FrightFest 2016, the UK’s premier horror film festival, runs over the forthcoming August Bank Holiday weekend. With over sixty movies set to screen, plus their short films showcase, Andy Nyman’s very popular quiz and several industry-related talks and events, FrightFest continues to expand its brand and deliver a varied selection of titles from across the globe. The anointed one (this year’s opener) is Sean Brosnan’s southern Gothic thriller My Father, Die. Starring Brit actor Joe Anderson (The Ruins, The Crazies), it’s sure to be a damn sight better than 2015’s Cherry Tree. Also up to bat on opening night, after My Father, Die, is the latest Stephen King adaptation, Cell, starring John Cusack and Samuel L. Jackson. The Hollywood stars reunite after 2007’s devilishly good 1408, also a King adaptation.
Following Cell is Let Her Out, a Toronto-set drama mixing Roman Polanski mind-fucks with David Cronenberg body horror. With a strong blood-and-guts quota and intriguing twist on the theme of the doppelganger, Let Her Out is worth staying up late and checking it out. Latin America, currently a hotspot for horror filmmaking, is strongly represented. We Are the Flesh (Disco Screen 1, Mon 29) has got critics buzzing and Mexico’s biggest names – Alejandro González Iñárritu and Alfonso Cuarón – have given their seal of approval to compatriot Emiliano Rocher Minter’s debut. Also screening: Argentina’s Francesca (Disco Screen 2, Fri 26), White Coffin (Main Screen, Fri 26) and Benavidez’s Case (Disco Screen 2, Fri 26). Rounding things off is another Mexican entry, The Similars (Disco Screen 2, Fri 26).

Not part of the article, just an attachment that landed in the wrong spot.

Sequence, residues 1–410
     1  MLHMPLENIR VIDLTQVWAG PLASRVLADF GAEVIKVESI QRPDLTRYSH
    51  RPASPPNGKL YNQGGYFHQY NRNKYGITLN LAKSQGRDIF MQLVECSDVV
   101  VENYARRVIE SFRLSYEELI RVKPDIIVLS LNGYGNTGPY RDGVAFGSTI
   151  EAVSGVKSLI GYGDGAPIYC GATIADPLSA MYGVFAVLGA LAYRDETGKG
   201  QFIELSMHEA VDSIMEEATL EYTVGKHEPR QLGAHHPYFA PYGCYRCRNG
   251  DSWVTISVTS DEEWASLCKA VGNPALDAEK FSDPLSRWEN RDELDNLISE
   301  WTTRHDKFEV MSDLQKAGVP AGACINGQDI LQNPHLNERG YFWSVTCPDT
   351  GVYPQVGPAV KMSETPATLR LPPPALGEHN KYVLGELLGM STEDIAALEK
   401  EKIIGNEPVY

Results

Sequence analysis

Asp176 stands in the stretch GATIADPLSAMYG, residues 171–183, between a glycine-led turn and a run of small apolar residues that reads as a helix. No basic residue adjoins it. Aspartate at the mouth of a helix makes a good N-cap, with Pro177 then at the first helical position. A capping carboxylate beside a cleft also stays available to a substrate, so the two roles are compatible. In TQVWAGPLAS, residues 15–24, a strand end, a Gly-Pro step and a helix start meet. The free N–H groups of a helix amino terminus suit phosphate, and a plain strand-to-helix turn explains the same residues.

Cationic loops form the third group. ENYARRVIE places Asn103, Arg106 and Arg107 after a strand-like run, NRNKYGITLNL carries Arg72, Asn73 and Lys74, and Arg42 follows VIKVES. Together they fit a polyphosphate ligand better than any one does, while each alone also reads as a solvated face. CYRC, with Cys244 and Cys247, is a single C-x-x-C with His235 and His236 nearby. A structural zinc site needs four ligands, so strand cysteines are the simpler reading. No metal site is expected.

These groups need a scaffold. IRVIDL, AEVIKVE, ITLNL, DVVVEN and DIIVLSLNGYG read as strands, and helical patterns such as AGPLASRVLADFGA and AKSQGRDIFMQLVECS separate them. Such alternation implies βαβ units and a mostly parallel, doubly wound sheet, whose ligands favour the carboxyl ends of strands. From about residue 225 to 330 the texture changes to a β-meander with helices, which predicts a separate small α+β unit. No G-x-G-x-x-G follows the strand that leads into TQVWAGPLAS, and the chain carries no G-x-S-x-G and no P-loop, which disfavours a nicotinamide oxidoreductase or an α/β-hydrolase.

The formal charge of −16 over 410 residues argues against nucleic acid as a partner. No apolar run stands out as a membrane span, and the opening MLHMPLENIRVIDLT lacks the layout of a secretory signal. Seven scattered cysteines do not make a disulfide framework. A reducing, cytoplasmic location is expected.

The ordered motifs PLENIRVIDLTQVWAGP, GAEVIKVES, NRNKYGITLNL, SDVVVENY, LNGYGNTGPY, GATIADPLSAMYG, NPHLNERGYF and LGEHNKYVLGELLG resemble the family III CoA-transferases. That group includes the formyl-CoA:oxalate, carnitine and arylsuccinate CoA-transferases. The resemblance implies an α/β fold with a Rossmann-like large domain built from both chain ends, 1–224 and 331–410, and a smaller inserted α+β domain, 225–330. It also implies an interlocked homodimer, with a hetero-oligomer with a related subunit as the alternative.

Other films we can recommend include: Shelley (Disco Screen 3, Mon 29), a nerve-shredding tale literally pregnant with fear; Kate Shenton’s hilarious and poignant Egomaniac (Disco Screen 1, Sun 28), in which a young female filmmaker’s hopes and dreams of artistic integrity are destroyed (with demented consequences); and Fury of the Demon (Disco Screen 3, Sat 27) is a whip-smart mockumentary blending real cinema history with a meta-mythology involving the occult and a mysterious silent movie which, when screened, turns the audience into raving maniacs. For those with a very strong stomach and whom like their documentaries made up of atrocity footage, 1981’s The Killing of America is a must-see. Co-written and co-produced by Leonard Schrader (brother of Paul), Sheldon Renan’s mondo-style history of gun violence and general bedlam in the United States is a remarkable piece of grot. Another cracker in the Disco programme is Anna Biller’s deliciously camp feminist take on the serial killer flick, The Love Witch (Disco Screen 1, Sat 27).
Biller’s new work doesn’t just nail its 1970s retro pastiche look, The Love Witch actually looks as if it was made in the 1970s. Samantha Robinson, who has a look of Edwige Fenech about her, is superb in the lead role and M. David Mullen’s cinematography is quite simply outstanding. So too, the costumes and sets. Closing night on the main screen is devoted to Australia’s colourful and gory Yuletide slasher Red Christmas, starring genre icon Dee Wallace, and South Korea’s latest box-office smash Train to Busan, a zombie saga set on a train. Yeon Sang-ho’s thriller is bound to see off 2016’s FrightFest edition in fine style, with both films exactly the type of crowd-pleasing fare the audience will lap up.